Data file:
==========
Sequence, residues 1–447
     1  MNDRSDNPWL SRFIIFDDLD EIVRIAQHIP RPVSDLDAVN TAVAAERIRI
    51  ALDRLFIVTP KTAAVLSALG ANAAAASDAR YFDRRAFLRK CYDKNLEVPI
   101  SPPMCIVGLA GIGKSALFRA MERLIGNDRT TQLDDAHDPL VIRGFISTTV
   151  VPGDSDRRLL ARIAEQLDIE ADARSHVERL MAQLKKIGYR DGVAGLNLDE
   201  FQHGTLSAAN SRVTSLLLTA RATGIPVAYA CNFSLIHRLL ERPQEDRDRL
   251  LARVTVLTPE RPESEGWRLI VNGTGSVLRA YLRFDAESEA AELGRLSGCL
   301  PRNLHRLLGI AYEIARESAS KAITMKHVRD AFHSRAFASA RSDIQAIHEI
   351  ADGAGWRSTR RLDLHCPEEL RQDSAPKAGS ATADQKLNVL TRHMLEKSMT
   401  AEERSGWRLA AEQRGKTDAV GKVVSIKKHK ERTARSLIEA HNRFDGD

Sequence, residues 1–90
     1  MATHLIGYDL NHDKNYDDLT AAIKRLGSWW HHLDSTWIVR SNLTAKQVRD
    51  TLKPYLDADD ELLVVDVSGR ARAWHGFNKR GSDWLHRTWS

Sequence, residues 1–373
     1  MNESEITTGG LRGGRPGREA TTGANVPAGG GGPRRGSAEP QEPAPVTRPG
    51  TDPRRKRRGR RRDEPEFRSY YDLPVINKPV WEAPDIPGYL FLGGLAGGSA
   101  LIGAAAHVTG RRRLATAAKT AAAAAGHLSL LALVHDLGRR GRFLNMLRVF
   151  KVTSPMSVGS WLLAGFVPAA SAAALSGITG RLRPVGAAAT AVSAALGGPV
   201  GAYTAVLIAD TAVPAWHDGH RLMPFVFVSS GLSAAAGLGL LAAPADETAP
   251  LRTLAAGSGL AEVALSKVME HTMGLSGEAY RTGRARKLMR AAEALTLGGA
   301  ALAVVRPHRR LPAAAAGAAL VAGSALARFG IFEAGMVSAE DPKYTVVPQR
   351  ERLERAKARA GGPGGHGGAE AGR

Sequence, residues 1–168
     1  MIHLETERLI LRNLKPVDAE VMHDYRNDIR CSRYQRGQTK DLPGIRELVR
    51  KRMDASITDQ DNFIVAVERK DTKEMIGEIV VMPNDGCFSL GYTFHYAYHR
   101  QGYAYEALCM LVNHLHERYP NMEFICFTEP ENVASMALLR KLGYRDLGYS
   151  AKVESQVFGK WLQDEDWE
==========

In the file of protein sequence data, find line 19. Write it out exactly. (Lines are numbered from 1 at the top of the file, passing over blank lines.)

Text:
   201  GAYTAVLIAD TAVPAWHDGH RLMPFVFVSS GLSAAAGLGL LAAPADETAP